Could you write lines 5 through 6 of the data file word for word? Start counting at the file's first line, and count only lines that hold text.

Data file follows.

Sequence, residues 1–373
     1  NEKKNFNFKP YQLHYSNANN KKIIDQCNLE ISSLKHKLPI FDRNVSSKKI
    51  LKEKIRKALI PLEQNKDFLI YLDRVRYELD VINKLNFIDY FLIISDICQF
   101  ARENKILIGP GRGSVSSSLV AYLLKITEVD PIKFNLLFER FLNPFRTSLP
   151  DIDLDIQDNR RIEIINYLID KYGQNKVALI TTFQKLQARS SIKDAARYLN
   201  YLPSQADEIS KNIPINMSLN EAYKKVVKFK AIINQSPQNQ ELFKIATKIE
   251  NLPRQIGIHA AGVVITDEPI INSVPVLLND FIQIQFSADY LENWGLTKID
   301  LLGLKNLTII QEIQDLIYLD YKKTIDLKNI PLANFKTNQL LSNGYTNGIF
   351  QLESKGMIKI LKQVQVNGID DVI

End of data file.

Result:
   151  DIDLDIQDNR RIEIINYLID KYGQNKVALI TTFQKLQARS SIKDAARYLN
   201  YLPSQADEIS KNIPINMSLN EAYKKVVKFK AIINQSPQNQ ELFKIATKIE